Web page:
Musings on mussels

Musings on mussels

In the 17th century, ‘les moules’ were still known as ‘mouscles’, hence the name of the classic dish ‘mouclade’. The English call them mussels, the Dutch ‘mosselen’, the Italians ‘mitili’ and the Spanish ‘conchas’.

Mussels are high in protein, vitamins and minerals. Compared to meat, mussels have a higher iron, phosphorous and vitamin B content. They also contain only 25 calories per 100 g. A very healthy choice!
The ones you’ll eat in Brussels are North Sea mussels. They’re grown on the sea bottom in beds and the most famous ones come from Zeeland.
The Zeeland Mussel season usually starts in July. The world’s only mussel auction in Yerseke in the Netherlands determines the official date as well as the prices.
Mussels are served in most Brussels brasseries. But the “king” of the mussels is “Chez Léon” (Petite rue des bouchers, 18). For more than 160 years, mussels have reigned supreme in this very nice restaurant. Their basic recipe for “Moules spéciales” is authentic and the genuine article!
But don’t panic, the mussels are served in their own black saucepan. They’re eaten by hand using an empty shell to detach the mussels from their shells. The shells are thrown into the lid.
Never eat a mussel that hasn’t opened after cooking!

Recipe from “Chez Léon”

  • 2 kilos of Zeeland mussels
  • 2 onions
  • 2 sticks of celery
  • butter, water, salt, pepper

Preparation steps:
Wash and scrub the mussels carefully. Dice onions and celery very finely. Take a tall-sided, heavy-based container: casserole dish or stockpot.
Put the vegetables and butter in and brown for 3 minutes.

Add water.
Once boiling, continue cooking over a high heat. Throw away any unopened mussels.
Allow precisely 7 minutes.
Season with salt and pepper.
Serve piping hot still in the pan together with fairly thick-cut chips or a salad.

Traditional mussel soup
Recipe from the early 18th century

  • 1kg mussels
  • 150 carrots
  • 100 g parsnips
  • 100 g mushrooms
  • 100 g onions
  • 40 g butter
  • 1 teaspoon of flour
  • 2 sprigs of parsley
  • 4 eggs
  • 12 blanched almonds
  • salt, pepper
  • small croutons, toasted to taste

Wash vegetables and cut them into small pieces. Brown in the butter for 7 to 8 minutes over a low heat.
Sprinkle over a little flour, add a litre of water and leave to cook for 40 minutes with the lid on.
Wash the mussels in plenty of water, put them in a frying pan over a high heat with the rest of the butter and the chopped parsley, and cover. When steam escapes, remove the lid, toss the shellfish in the pan, removing them as they open.
Put a dozen or so whole mussels to one side and remove the meat from the others.
Mix the almonds, mussel meat and vegetables in a blender. Set aside in a saucepan. Add the water from the mussels strained through muslin. Bring to the boil.
Into soup bowls, place 2 croûtons, 3 whole mussels and dish up the soup. Set the other croûtons out on the table separately.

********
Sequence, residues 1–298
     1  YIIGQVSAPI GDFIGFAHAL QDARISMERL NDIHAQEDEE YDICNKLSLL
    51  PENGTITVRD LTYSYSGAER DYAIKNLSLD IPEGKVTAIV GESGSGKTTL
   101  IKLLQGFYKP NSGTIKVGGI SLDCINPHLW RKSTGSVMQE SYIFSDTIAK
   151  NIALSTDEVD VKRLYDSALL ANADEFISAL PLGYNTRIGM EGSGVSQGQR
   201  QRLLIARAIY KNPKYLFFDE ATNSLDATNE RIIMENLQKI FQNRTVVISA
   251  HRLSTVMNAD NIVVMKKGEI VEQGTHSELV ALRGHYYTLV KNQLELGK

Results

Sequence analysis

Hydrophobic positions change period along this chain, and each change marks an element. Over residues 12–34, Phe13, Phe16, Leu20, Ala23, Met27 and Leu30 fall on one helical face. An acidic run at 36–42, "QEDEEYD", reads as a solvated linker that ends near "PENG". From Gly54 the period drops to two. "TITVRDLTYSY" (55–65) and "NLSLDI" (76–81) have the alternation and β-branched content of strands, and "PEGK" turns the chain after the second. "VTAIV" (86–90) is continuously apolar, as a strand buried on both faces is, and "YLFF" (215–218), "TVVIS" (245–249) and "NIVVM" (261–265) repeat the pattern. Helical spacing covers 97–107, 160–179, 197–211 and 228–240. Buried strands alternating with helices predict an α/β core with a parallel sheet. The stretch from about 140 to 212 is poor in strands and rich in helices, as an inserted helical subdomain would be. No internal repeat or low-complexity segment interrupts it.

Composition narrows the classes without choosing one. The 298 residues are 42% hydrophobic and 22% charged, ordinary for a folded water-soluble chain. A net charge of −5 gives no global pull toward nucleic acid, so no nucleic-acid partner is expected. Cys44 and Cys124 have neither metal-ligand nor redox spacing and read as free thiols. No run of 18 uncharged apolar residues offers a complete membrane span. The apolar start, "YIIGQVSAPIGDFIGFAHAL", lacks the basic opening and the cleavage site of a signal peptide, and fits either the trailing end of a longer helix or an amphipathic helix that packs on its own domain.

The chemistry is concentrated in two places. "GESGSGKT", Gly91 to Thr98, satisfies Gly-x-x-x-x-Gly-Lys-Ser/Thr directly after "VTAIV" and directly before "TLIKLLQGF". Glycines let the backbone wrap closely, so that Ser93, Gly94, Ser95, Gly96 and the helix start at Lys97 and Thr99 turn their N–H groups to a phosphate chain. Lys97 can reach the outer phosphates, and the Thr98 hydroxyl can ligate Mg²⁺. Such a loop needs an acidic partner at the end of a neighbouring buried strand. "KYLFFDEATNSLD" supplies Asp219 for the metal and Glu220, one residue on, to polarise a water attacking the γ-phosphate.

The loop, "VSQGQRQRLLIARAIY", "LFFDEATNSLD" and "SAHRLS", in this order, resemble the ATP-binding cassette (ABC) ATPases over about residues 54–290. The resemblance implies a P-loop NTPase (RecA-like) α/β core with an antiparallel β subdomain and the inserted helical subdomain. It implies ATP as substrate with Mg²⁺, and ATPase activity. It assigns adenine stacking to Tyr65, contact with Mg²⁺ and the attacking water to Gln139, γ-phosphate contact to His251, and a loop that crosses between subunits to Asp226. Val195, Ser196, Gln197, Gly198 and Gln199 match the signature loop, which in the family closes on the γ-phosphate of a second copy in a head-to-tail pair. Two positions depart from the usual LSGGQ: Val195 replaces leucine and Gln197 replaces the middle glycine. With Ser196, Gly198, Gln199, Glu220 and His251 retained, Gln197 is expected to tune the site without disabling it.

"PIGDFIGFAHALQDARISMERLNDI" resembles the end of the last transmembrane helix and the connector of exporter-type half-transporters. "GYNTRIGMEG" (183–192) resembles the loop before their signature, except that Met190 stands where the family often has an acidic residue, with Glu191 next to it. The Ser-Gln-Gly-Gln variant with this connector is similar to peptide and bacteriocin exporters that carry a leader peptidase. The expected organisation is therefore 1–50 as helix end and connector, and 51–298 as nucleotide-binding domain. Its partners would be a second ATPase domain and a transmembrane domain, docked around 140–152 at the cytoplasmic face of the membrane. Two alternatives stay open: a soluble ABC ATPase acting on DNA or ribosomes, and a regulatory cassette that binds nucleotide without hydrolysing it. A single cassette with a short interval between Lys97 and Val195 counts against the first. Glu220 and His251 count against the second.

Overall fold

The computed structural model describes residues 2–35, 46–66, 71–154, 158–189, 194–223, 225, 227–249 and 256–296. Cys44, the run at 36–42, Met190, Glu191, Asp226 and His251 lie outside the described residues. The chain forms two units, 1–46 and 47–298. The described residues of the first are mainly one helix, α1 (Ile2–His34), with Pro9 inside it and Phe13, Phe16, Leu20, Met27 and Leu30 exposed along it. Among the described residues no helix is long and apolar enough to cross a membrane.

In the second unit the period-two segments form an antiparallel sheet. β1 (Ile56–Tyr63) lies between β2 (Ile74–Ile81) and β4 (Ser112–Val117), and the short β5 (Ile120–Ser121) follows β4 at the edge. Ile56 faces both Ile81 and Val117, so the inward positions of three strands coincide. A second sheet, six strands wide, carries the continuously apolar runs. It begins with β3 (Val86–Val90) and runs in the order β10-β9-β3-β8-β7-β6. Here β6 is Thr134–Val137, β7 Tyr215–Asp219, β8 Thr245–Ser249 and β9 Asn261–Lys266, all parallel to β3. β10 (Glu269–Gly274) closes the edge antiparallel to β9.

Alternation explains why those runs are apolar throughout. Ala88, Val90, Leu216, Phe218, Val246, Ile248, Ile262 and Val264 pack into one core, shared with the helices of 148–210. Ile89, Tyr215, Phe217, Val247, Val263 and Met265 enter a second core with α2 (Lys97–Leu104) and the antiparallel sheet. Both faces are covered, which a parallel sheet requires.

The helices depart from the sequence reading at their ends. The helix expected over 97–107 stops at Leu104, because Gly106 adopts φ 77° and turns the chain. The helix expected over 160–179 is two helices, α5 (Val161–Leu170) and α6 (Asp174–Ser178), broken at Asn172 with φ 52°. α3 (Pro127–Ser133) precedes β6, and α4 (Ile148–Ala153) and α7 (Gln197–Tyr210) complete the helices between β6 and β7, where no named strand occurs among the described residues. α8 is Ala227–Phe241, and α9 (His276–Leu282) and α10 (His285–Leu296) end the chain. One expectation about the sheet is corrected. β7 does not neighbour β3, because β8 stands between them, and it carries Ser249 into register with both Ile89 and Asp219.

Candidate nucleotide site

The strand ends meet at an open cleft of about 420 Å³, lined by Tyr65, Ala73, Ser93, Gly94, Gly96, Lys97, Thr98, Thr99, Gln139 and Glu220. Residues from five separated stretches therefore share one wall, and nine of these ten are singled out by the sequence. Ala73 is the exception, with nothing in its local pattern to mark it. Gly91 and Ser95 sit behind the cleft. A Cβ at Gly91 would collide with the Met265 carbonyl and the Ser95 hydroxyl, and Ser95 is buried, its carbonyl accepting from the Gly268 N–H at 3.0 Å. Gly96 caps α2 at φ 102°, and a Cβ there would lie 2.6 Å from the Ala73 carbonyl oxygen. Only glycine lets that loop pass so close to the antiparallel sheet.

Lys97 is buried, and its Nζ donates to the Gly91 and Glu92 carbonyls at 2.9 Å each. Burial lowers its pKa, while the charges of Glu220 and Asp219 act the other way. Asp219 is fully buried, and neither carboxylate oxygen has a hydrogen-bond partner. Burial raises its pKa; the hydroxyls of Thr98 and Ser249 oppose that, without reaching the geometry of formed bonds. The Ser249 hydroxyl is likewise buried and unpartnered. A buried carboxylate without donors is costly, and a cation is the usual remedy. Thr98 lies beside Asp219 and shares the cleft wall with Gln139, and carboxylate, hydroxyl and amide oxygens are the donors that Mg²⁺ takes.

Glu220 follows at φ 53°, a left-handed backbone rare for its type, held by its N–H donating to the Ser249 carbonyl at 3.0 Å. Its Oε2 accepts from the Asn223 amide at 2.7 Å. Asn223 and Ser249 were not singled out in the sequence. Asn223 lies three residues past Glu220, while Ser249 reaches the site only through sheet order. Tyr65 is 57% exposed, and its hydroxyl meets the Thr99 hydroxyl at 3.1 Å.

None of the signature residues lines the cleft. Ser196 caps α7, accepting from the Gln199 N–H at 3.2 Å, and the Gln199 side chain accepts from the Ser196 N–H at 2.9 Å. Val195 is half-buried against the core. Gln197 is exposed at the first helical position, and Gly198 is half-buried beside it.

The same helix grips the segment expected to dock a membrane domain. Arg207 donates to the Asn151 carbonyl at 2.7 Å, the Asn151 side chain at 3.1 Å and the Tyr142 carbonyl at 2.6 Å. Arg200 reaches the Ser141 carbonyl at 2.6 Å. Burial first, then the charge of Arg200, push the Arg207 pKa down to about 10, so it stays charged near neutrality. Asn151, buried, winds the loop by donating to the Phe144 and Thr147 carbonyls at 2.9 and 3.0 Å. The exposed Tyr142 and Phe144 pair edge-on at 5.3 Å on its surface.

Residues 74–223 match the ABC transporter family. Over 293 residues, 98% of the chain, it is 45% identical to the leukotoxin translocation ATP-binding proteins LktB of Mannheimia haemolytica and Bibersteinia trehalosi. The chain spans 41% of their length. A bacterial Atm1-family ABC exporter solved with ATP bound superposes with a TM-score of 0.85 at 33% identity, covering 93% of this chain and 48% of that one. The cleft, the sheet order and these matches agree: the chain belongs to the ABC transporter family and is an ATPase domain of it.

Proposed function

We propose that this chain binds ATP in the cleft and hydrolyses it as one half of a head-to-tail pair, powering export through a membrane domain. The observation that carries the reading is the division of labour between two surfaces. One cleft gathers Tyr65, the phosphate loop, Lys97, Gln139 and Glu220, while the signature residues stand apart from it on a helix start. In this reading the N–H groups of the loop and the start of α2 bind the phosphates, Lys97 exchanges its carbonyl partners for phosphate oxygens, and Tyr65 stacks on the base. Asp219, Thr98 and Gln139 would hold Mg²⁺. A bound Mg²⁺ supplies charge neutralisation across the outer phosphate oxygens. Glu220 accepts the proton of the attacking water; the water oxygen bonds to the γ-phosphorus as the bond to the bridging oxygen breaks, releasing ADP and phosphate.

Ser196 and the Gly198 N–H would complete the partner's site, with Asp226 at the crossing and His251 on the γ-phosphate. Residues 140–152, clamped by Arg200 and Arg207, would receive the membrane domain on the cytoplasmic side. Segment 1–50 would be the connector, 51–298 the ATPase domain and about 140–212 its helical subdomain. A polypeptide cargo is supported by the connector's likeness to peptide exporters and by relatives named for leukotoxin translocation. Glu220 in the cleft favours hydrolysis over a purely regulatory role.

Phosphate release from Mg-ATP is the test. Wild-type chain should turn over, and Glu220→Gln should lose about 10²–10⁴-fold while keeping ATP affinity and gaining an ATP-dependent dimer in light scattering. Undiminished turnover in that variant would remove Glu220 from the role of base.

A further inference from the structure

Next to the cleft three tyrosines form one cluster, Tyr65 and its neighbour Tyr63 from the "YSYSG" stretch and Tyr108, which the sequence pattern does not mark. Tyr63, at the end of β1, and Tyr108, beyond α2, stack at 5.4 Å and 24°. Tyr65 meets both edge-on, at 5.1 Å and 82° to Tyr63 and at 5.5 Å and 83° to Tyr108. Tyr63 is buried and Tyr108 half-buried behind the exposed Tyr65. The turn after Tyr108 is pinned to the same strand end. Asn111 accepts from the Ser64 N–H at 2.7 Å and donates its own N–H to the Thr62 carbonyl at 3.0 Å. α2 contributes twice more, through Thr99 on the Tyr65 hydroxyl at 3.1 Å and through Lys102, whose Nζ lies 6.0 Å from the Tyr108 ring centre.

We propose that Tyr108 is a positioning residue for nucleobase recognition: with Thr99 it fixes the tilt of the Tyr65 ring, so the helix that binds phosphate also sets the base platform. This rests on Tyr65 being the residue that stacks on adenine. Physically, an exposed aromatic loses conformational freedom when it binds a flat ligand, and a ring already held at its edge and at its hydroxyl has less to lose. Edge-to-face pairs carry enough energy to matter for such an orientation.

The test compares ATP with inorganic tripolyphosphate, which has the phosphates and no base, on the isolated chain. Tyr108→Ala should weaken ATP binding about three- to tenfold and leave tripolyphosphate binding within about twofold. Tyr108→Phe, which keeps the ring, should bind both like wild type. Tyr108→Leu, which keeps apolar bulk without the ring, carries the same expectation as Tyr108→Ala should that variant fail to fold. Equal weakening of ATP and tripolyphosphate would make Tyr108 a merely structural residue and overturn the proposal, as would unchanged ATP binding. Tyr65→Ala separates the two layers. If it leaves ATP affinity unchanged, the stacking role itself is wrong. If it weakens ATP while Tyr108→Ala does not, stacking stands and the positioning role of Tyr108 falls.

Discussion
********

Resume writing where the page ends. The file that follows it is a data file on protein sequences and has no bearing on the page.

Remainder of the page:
• There are very many recipes for mussels.
  • The most classic ones are:
  • Marinières
  • Vin blanc
  • Provençale
  • Bordelaise
  • Diable
  • Crème vin blanc
  • Crème estragon
  • Crème curry
  • Crème moutarde
  • Crème à l’ail
  • Crème poulette
  • Ricard

  • Other informations

    Moby Dick Lambermont
    Boulevard Lambermont, 166
    1030 Schaerbeek
    T: 02/241 89 62
    Closed Saturday noon and Sunday

    Terrace, dogs allowed

    Brief description: The owner gives you a very warm and friendly welcome in an authentic brasserie setting, decorated to reflect the name of the establishment. Great oyster bar too and a ‘filet américain’ (steak tartare) prepared in the restaurant with real chips (French fries) and home-made mayonnaise.

    Chez Léon
    Rue des Bouchers, 18
    1000 Brussels
    T. 02/511 14 15
    Never closes
    Terrace, air-conditioning

    The go-to place to enjoy mussels. For the last 160 years, this establishment has led the way with the national dish of mussels and chips. Guaranteed fresh given the turnover and the tons of mussels eaten here every year.

    Brasserie la Roue d’or
    Rue des Chapeliers, 26
    1050 Brussels
    T.02/514 25 54
    Never closes
    Terrace, delicatessen, access for disabled

    A lively atmosphere is guaranteed here, just a short walk from the Grand-Place. Worth the diversion for the Art deco surroundings alone, with its wooden seats with the regulars names carved into them.

    Le Zinneke
    Place de la Patrie, 26
    1030 Brussels
    T. 02/245 03 22
    Closed Saturday noon and Mondays
    Terrace, dogs allowed, air-conditioning

    An authentic and welcoming setting. Brussels cuisine takes pride of place as, of course, do mussels.

    Au Vieux Bruxelles
    Rue Saint Boniface, 35
    1050 Brussels
    T.02/503 31 11
    Terrace, dogs allowed
    Situated in a bustling district, this genuine Brussels brasserie has been doing business since 1882. Mussels and chips are undoubtedly one of their specialities. Picturesque, warm and welcoming surroundings. An aptly-named establishment.


    Selection (c) Gastromania